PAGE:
Beyond perimeter protection: Identity and access management in the zero trust model
The term “Zero Trust” was founded in 2010 by Forrester Research Analyst John Kindervag. In addition to thorough asset management and established analytical skills, identity and access management (IAM) plays a key role.
Zero trust is not a technology and also not a process that can be achieved. Rather, it is a guide to the overall cybersecurity direction of an organization. True to the motto “Do not trust anyone”, the name says it all at Zero-Trust. The assets worth protecting – especially data – of a company should of course be available to the employees during the creation of value, but at the same time they should be protected against unauthorized access.
Current solutions to this problem are nested protective walls made up of firewalls, intrusion detection & prevention systems, network segmentation and many more. However, there are always sore points in the security architecture. That is why the security of the company, the assets or the data ultimately also depends on human trust. In a perfect zero trust environment, this susceptibility to error and malicious intent should not exist.
In reality, however, this final state can hardly be achieved – the various IT infrastructures of large companies are far too complex for that. However, perimeter protection by securing network access and end devices is no longer up to date, as more and more attacks are also coming from inside companies. The fluctuation in external staff, the use of public clouds, countless machine accounts and IoT devices as well as the partial or full use of private end devices – keyword “bring-your-own-device” – make it more and more difficult to achieve sufficient security through pure perimeter protection to guarantee. That is why the concept is approached with well thought-out technologies and processes, such as an IAM and thorough security incident and event monitoring (SIEM).
In a recent report by Forrester from 2020, zero trust is broken down into five dimensions: users, devices, workloads, networks and data. The main focus is on users and data. The users should be able to access the necessary data in the company. Which device, which application, which network and in which context they do this is of secondary importance. Securing all context points (devices, networks, applications) is, as already described above, pointless. Instead, the focus should be on strong and secure authentication to allow the right users access. On the other hand, on a clear classification of the criticality of the data.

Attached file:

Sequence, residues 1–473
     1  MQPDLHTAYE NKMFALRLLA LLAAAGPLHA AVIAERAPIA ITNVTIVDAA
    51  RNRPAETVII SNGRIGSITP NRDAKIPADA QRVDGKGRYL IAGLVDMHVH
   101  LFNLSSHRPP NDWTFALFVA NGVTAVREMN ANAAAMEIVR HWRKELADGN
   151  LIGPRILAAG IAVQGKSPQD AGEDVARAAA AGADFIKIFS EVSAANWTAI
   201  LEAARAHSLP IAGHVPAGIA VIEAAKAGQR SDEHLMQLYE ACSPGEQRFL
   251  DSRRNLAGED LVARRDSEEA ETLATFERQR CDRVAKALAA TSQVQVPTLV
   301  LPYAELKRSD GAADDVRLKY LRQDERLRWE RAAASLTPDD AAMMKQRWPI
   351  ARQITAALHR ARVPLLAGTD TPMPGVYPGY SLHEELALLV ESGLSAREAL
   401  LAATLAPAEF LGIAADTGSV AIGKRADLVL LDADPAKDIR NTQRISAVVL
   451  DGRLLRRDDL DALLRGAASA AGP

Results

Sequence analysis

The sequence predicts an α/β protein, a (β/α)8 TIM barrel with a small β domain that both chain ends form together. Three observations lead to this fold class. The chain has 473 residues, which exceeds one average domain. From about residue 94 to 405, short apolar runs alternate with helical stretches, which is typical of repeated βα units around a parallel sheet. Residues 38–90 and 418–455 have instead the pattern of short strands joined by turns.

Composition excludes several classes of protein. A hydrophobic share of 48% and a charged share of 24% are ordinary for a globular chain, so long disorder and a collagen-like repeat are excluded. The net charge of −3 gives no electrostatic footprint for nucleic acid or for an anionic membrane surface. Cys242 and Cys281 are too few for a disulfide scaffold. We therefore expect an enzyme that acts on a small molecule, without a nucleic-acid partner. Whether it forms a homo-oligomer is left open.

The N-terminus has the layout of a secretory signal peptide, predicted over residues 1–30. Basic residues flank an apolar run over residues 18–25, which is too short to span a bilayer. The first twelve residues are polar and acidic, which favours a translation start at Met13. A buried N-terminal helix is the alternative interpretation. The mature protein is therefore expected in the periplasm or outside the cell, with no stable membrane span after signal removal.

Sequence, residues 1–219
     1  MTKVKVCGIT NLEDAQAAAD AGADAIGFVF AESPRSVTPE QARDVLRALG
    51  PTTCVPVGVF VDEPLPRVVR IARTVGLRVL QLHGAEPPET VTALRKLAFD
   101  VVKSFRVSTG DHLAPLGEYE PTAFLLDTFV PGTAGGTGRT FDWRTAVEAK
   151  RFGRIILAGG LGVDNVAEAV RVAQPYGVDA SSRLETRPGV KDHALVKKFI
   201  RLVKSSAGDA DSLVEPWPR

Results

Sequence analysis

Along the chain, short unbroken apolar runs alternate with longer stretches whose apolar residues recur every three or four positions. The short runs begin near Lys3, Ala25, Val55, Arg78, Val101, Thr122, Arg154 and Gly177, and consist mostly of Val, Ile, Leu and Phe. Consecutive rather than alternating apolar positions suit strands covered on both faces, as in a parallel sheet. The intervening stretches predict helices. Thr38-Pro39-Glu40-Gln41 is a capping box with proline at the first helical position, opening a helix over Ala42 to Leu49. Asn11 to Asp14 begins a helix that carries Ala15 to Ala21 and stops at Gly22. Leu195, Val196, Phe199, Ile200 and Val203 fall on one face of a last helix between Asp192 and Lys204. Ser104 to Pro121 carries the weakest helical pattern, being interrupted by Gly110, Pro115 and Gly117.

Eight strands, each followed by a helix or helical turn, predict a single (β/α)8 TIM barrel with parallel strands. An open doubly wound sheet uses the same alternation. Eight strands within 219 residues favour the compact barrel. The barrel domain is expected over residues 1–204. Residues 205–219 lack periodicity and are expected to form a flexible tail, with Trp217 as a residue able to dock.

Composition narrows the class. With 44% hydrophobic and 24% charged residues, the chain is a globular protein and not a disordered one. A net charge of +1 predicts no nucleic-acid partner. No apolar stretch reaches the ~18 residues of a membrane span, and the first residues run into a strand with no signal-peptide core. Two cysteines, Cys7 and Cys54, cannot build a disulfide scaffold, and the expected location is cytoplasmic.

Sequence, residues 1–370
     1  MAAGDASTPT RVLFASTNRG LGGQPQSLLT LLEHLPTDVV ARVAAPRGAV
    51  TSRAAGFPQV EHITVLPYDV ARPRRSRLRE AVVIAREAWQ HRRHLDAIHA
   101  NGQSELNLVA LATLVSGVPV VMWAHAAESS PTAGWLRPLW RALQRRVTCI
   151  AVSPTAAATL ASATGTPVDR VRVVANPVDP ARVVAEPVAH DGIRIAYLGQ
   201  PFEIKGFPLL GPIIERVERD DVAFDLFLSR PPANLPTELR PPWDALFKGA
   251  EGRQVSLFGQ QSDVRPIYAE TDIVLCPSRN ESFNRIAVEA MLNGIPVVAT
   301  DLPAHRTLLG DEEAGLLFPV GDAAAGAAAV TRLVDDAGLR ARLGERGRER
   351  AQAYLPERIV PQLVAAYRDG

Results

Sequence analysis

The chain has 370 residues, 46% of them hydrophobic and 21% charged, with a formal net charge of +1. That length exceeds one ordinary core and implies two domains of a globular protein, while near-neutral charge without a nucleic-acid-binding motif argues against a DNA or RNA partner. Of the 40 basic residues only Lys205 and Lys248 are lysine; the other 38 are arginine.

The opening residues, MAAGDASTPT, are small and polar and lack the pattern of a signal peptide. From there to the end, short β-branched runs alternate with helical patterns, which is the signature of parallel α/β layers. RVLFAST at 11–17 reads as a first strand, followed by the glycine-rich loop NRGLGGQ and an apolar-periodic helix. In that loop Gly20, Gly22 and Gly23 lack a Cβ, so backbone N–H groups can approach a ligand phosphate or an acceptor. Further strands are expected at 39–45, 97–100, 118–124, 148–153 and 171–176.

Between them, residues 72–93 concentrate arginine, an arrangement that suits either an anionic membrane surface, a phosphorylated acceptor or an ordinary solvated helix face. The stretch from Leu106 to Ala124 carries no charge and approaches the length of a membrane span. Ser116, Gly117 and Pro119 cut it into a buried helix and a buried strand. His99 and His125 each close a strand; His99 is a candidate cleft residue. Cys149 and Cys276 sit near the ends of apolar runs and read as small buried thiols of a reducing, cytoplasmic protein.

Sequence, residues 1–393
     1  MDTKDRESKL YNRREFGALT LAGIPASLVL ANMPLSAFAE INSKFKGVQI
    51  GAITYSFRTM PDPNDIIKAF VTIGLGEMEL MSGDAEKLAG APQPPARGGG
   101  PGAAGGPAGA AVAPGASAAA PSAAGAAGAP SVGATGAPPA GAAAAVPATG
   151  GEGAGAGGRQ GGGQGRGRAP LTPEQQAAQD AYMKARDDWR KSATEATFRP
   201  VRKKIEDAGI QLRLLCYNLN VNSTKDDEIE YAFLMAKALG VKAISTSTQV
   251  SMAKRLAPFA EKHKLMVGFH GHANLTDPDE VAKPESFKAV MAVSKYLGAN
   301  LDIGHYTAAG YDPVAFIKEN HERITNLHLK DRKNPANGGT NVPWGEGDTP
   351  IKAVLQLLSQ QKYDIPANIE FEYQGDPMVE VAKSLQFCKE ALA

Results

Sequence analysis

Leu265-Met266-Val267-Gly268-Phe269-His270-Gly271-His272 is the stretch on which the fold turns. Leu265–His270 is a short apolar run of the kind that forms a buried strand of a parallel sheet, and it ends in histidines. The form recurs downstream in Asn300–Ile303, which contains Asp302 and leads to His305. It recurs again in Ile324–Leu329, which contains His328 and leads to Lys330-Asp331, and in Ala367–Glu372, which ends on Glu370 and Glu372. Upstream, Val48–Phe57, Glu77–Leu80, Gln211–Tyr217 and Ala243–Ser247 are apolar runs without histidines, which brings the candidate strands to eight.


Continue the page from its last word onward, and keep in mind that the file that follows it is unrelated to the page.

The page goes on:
At this point, a well thought-out and consistently implemented IAM plays an important role. In order to ensure that only authorized employees have access to valuable company resources, clear processes are required for the assignment and withdrawal of rights. The “need-to-know” principle known in the IAM provides that every employee should receive the lowest possible number of authorizations that they need to perform their tasks. In addition, regular controls are critical to success, because “Trust is bad, control is better” – this is another guiding principle in the zero trust model.
To improve security in the IAM, companies should also incorporate new authentication technologies. The majority of security incidents in companies result from internal user accounts whose passwords have been exposed. A correctly entered password is therefore no longer sufficient proof of identity. Methods such as multi-factor authentication, biometrics, certificates and the use of single sign-on (SSO) help to significantly increase authentication and thus also security via the IAM.
Clear asset management is required to get an overview of the data worth protecting in the company. A classification of all data in different criticality levels enables an extended, context-based management of accesses. In this way, attributed authorizations can be assigned in the IAM. These restrict, for example, write access to important files if the user does not log in via the company network. The integration of this context information enables an evolution in the IT security architecture. The intensive protection of networks and devices takes a back seat, and strong authentication takes on the role of gatekeeper. This allows users to work from home or on their own devices without creating additional security gaps.
Last but not least, access, login attempts, data access and changes should continue to be controlled. A connection to a SIEM system can help with the evaluation of unusual contexts. As in the case of a user who first logs in via the company network and shortly afterwards from a network on the other side of the globe. Despite close-knit security measures, there are always exceptions that need to be recorded and monitored very carefully.
The topic of IAM remains critical in cybersecurity and makes an extensive contribution to the protection of valuable company resources. With emerging developments in the field of quantum computers and artificial intelligence as well as increased home working, IAM will remain one of the most important levers for cybersecurity in companies in the future.
More on the subject:
Zero trust for the channel
Manage digital identities securely
Digitization in German companies
How companies use IAM to increase their IT security
What you need to know about IAM
Understand and implement Zero Trust